July 23, 2024

Oregon lawmakers put more than $1 billion toward last-minute budget needs

Construction at the Oregon State Capitol in Salem on Wednesday, Feb. 15, 2023. Oregon Capital Chronicle photo by Amanda Loman
June 20, 2023

The ‘Christmas-tree bill’ puts money toward a mix of projects and causes, including public defenders, wildfire fighting and state employee pay raises and benefits for those seeking citizenship 

By Ben Botkin, Oregon Capital Chronicle 

Oregon lawmakers on Tuesday tucked $1.1 billion into an end-of-session budget bill, a move that pumps last-minute cash into purposes ranging from preparing for natural disasters to helping people  seeking citizenship.

The proposal, called the “Christmas tree bill” by capitol observers because it’s loaded with spending like a tree with ornaments, serves a key purpose: Lawmakers, state agencies and lobbyists can get money for  projects and needs that didn’t attract as much attention earlier in the legislative session. The Joint Ways and Means Committee heard the proposal on Tuesday, sending Senate Bill 5506 to the Legislature for a vote as lawmakers face a Sunday deadline to adjourn. 

The 124-page list of budget projects sprinkles money throughout state agencies and services. The bill also provides money for local priorities, including courthouse renovations, new fire stations, roads, sewer systems and broadband service.

The end-of-session bill gives lawmakers a chance to push for projects in their districts, whether rural or urban. Some Republican lawmakers raised concerns about rural Oregon getting short-changed, such as by not receiving enough money for wildfire fighting or children’s advocacy centers that serve youth in small communities.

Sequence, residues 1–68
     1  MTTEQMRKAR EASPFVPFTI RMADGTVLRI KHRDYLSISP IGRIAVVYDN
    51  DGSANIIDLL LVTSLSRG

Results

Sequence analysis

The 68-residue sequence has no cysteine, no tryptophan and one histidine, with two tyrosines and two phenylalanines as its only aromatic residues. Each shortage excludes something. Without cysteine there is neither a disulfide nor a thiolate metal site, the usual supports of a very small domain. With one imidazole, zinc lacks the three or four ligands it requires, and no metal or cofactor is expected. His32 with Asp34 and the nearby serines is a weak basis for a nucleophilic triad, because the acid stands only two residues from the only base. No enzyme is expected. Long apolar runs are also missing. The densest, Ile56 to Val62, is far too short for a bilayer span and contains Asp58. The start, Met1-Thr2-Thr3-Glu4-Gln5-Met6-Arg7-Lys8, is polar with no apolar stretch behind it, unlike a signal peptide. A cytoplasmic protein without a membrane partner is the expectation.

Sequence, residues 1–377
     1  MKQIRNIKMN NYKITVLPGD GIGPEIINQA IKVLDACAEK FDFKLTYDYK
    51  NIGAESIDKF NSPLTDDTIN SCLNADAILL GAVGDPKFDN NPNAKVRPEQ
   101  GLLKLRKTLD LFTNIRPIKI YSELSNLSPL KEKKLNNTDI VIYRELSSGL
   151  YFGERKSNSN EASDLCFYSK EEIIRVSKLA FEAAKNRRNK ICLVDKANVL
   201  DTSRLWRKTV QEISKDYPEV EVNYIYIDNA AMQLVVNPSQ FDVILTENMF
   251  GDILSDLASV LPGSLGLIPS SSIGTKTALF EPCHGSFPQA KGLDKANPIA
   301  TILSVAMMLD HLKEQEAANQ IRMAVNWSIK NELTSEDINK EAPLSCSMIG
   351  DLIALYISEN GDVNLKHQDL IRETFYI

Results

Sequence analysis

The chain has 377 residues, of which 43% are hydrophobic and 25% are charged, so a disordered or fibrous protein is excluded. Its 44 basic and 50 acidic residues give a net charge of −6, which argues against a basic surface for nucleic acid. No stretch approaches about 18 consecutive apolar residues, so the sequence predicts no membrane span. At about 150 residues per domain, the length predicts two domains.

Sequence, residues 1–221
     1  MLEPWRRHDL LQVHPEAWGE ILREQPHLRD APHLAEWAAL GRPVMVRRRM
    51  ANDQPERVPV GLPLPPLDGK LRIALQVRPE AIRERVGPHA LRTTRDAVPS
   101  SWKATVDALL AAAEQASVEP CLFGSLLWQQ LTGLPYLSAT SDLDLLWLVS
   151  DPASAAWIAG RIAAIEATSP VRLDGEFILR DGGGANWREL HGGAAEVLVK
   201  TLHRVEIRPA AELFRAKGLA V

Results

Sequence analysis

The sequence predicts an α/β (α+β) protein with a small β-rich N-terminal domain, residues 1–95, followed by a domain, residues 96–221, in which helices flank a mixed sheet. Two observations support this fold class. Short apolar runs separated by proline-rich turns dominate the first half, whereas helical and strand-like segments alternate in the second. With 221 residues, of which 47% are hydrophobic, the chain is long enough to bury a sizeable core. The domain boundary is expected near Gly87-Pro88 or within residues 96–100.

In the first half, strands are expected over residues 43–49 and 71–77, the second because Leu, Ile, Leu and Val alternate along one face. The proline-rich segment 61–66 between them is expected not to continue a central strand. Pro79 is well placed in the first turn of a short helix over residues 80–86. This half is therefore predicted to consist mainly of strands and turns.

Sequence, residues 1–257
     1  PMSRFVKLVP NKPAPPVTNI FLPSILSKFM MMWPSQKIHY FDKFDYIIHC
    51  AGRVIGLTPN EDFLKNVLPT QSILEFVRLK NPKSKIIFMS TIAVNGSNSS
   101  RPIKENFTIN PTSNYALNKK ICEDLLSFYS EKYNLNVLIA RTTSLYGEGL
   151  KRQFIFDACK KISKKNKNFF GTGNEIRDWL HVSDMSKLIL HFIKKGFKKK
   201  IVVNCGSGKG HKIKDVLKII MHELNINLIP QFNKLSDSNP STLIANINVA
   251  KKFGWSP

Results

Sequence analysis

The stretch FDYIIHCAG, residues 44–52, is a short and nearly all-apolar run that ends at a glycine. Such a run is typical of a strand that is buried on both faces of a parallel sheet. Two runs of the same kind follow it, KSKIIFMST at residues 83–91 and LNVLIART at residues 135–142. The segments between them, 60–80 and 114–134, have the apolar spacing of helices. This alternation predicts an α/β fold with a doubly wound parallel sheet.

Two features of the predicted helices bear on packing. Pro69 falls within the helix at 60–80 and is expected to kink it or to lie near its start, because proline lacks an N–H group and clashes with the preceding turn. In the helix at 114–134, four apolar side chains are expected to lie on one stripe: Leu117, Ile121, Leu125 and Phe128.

But even rural lawmakers can still go home with something.

“We’re at that point in the session where no one’s going to be entirely happy,” said Rep. Greg Smith, R-Heppner. “I felt as if my voice was heard.”

Here’s a look at the highlights:

  • $450 million for state employee compensation increases, including those needed to aid recruitment and retention of staff. The budget bill doesn’t specify what salary raises employees will get. That’s up to state agency managers, who often negotiate with unions for raises. That work is ongoing, including Oregon’s negotiations with the union that represents about half of state employees.
  • $50 million to help the Oregon Health Authority and the Oregon Department of Human Services respond to increased demand from Oregonians for services including  food assistance, medical coverage and child welfare.
  • $35 million to help the state prepare and respond to natural disasters.
  • $23 million for a state program that helps working Oregonians cover part of their child care costs. $15 million will go toward increased payments to providers in the program, and another $8 million will help the state enroll more people.
  • $22 million for wildlife prevention and firefighting in Oregon, including equipment, staffing and aid for communities.
  • $20.9 million to provide housing and food benefits to people pursuing citizenship.